Many nations have come to Kashmir, seen it and conquered it. For hundreds of years the Kashmiris had been bullied and oppressed till all sparks of manhood appeared to be crushed out of them. They did not care what they looked like, in fact one set of conquerors made them dress as women; they became dirty in body and habits; they lost their pride and honour, and became cowards and liars.. Throughout all these centuries the Kashmiris kept and developed what has probably been their saving. They have the grace of humour to a marked degree. They can even do the difficult thing of laughing at a joke against themselves..

Issue: November 1939

A Chinese City in War Time
By Dr M K Yue, en, Fukien, China

The city of Putien has experienced some very exciting events since the beginning of May. The month of May is exceptional in the Chinese calendar, for many of its days have been set apart for commemorating one historical event or another in the national life.

For almost two years the effects of war had hardly reached us. The ports along the Fukien coast were open and trade flowed in and out without molestation. There were sporadic air raids, but no one was seriously disturbed. This false sense of security was good while it lasted.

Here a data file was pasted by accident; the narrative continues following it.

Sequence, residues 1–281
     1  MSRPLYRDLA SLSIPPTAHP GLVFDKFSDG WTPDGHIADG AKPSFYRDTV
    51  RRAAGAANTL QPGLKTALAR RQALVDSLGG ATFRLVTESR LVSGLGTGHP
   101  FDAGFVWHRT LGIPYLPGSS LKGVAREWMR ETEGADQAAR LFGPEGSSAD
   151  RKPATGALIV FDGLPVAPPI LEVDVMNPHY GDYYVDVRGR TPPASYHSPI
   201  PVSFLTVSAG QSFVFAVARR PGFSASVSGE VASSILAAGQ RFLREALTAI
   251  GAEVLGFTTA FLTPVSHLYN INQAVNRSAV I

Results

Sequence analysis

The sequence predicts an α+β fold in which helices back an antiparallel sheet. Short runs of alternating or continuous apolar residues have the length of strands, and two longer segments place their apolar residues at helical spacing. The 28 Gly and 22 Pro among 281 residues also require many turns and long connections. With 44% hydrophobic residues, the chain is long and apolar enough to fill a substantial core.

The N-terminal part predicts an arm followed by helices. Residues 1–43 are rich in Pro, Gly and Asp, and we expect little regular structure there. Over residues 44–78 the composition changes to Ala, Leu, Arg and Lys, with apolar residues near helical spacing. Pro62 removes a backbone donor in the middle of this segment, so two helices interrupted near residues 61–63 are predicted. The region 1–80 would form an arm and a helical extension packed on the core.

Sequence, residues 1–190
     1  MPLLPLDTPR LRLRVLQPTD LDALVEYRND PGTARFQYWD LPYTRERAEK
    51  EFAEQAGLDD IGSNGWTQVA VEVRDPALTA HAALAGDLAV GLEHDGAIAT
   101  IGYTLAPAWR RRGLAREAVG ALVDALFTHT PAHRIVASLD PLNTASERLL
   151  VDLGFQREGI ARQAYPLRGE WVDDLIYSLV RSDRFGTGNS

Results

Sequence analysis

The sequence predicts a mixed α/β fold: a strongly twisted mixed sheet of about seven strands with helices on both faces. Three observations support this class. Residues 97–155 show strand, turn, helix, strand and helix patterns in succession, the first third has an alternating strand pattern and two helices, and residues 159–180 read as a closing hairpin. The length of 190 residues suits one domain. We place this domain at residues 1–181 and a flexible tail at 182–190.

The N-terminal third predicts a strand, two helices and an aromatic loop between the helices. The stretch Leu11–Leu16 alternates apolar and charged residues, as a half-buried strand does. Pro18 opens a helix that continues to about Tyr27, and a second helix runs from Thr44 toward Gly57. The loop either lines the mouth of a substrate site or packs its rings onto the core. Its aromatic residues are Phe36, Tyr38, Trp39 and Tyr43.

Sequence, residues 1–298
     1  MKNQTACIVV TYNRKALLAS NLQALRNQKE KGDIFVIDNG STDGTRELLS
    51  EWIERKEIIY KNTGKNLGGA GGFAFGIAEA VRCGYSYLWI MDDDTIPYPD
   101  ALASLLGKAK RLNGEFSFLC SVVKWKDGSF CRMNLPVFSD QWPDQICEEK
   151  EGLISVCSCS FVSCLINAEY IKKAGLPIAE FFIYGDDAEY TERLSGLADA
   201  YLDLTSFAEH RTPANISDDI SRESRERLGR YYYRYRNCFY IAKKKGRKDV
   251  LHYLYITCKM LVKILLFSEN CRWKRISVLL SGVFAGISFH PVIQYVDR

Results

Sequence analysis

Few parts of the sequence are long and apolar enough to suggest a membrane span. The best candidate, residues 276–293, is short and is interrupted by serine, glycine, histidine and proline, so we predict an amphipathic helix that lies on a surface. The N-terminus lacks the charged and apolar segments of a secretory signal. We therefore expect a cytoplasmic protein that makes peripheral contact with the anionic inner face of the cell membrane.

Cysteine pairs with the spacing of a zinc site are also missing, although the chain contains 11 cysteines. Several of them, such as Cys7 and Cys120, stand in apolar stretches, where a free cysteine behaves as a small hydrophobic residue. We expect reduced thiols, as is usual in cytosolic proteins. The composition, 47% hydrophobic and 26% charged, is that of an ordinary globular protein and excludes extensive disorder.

Since May the government have enforced certain measures which aim at making the strip of land along the Fukien coast useless to an army of occupation. Therefore the city electric plant was dismantled on May 6 and taken away to the interior for safe keeping. We have gone back to the days of paraffin lamps and candles. This has dished" our X-ray machine, but we hoped that the machine might be sent up to the Union Hospital, Sienyu, where there is still electric power for the city.

On Monday, May 15, the trunk road to Foochow in the north and to Chuangchow in the south was completely interrupted. This road was about 150 miles long, and it took tens of thousands of villagers a week to dig it away. It was a broad mud road with a good foundation. Bridges of any importance were blown up with dynamite. The city and the townspeople were advised to disperse, and the process began with the schools. Each hsien (county) has a so-called "safe" district, and for us it is the area among the hills to the north and west. It is estimated that over 4000 middle and primary school students moved into the "safe district" during May.

This policy of dispersal proved to be timely and wise, for with the announcement of a complete blockade of the Fukien coast, regular air raids were made over the coastal cities to terrorize the population. Our first raid took place on Thursday, May 25, at about half past two in the afternoon. Three planes came and the alarm was given just as we heard the drone of the planes. They circled once over the city and went straight for their objectives..

These two periodicals allow the researcher to follow the work of the Church Missionary Society in all the countries they worked over a very long time period and will prove invaluable for researchers of many disciplines.